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By Kieran Rooney

LEINSTER remain on line for a RaboDirect/Pro12 League and Amlin Cup double following Saturday’s 17-15 victory over Glasgow Warriors at the RDS. But only just. It was, in fact, a much relieved and somewhat battered Leinster side which finished the RaboDirect Pro12 semi-final.

Glasgow, probably the most improved side in Europe, really put it up to Leinster. They outscored them by two tries to one and could have drawn level with Stuart Hogg’s late conversion attempt.

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Fortunately for Leinster it drifted wide in the difficult windy conditions. The last thing that Leinster needed was extra-time prior to Friday’s Amlin Cup decider against Stade Francais at the same venue.

Coach Joe Schmidt has enough problems as things stand. Both Brian O’Driscoll and Gordon D’Arcy had to retire against Glasgow with the latter looking likely to miss the game against Stade Francais and the RaboDirect decider against Ulster the following weekend.

D’Arcy had to be helped off in the second half with a severe looking calf injury. O’Driscoll, for his part, only lasted 12 minutes before leaving the field because of a back spasm.

Fortunately though Schmidt is much more optimistic that he will recover in time for the Amlin Cup decider against Stade Francais. The coach is also hopeful international flanker Sean O’Brien will be able to feature after missing the narrow victory over Glasgow because of a calf strain.

But Richardt Strauss and Fergus McFadden are also nursing knocks, so it’s clearly going to take a terrific effort from Leinster if they are to pull off the double. Ulster, their RaboDirect final opponents, recorded a comfortable 28-17 semi-final victory over the Scarlets at Ravenhill last Friday night and will not be lacking in confidence when they travel to Dublin for the decider.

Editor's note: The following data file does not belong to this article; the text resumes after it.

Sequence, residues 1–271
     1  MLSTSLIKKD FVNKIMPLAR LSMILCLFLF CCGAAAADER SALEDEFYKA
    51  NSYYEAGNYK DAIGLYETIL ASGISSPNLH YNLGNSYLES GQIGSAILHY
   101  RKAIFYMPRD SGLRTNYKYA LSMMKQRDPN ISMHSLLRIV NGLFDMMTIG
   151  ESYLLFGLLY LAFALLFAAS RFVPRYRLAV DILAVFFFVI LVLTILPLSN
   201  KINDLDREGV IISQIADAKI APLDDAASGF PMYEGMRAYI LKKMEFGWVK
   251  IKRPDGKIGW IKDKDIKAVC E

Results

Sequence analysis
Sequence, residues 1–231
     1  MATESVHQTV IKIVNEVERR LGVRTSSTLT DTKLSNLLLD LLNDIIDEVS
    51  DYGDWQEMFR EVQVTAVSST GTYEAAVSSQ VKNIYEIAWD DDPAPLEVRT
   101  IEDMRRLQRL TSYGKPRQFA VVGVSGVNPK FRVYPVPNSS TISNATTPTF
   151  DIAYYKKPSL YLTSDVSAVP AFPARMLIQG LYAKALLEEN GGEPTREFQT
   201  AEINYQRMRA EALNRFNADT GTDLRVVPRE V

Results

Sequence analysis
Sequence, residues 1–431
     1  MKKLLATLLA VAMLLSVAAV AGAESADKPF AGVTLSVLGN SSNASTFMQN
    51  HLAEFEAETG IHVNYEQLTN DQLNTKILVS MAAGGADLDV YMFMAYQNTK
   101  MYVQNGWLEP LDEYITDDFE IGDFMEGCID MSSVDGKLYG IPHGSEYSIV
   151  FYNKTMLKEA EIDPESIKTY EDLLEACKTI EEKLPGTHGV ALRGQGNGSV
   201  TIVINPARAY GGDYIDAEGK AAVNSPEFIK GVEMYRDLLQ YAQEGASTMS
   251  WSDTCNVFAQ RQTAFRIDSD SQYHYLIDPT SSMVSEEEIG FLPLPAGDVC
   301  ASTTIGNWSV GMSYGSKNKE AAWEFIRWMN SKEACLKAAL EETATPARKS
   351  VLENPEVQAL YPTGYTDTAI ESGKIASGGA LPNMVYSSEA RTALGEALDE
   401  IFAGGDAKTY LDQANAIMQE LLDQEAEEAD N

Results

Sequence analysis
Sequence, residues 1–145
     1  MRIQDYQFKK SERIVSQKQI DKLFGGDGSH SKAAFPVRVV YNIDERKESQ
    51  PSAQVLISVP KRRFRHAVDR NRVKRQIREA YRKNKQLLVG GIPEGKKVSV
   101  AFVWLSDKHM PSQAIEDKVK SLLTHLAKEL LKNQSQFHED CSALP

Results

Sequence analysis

“We know exactly how tough it’s going to be.” admitted Schmidt. “We have a lot of injuries to deal with but hopefully we can piece together a team for the next two weekends.”

Schmidt described the game against Glasgow as “really frustrating”. That was mainly to do with the injuries and the fact that Leinster wasted a number of great positions at vital times.

Consequently, they could never shake off a fiercely determined and very skilful Glasgow side. The match was played at a huge level of intensity, hence the amount of injuries.

If Leinster had any doubt about what Glasgow were about, they found out pretty quickly. With the wind behind them they tore into Leinster from the start.

O’Driscoll sustained his injury bravely denying them a try and it took another great piece of defending from full-back Rob Kearney to stop them getting another score.

Predictably, it was the visitors lively Fijian scrum-half Niko Matawalu who did eventually make the breakthough. Matawalu, the outstanding performer on the field, darted over for a try which Hogg converted.

Hogg also landed a penalty but a try from the impressive Jamie Heaslip and a penalty by Jonathan Sexton kept Leinster in touch. Crucially, with the score 10-8 in Glasgow’s favour, Matawalu was then sin-binned.

That enabled Leinster move 11-10 in front at half time with a second Sexton penalty. Surely, with the strong wind behind them in the second half, Leinster would have an easier time?

Not a bit of it. Another couple of Sexton penalties did give them some breathing space but Glasgow kept coming back and were eventually rewarded when their young centre Mark Bennett got over for a try in the final 10 minutes.

Hogg’s conversion could have put them level but the Scottish international full-back saw his effort go wide. Leinster could not have been more relieved.

They were somewhat fortunate to have survived but they have developed the habit of winning tight games. That attribute may well be tested when they face Ulster in the RaboDirect final.

Ulster look in very good shape just now. They seem to have put their disappointing Heineken Cup quarter-final defeat by Saracens well behind them to finish top of the RaboDirect table.

They were also impressive in putting the Scarlets away in the first semi-final, although they did ease off and allow their opponents in for some late consolation scores. Most of the work had been done in the opening half.

Tommy Bowe, Robbie Diack and Tom Court all scored tries with the remainder of Ulster points coming from the boot of Ruan Pienaar. Rory Best again produced a big performance in his effort to show the Lions selectors were wrong to ignore him.

So did Ulster No 8 Nick Williams. Named Player of the Year by the Irish Players Association, Williams did a huge amount of damage with his ball carrying and fierce tackling.

It was a good overall effort from Ulster, even if they did let Scarlets produce a late rally. “The job was done in the opening 50 minutes,” said coach Mark Anscombe.

“Some of the rugby we produced in that period was superb. We did lose our way a bit after that but then hopefully that will act as a reminder that we cannot afford to relax.”

Certainly, Ulster won’t be able to relax at any stage if they are to beat Leinster in the final which will be at the RDS because of redevelopment work at Ravenhill which started this week.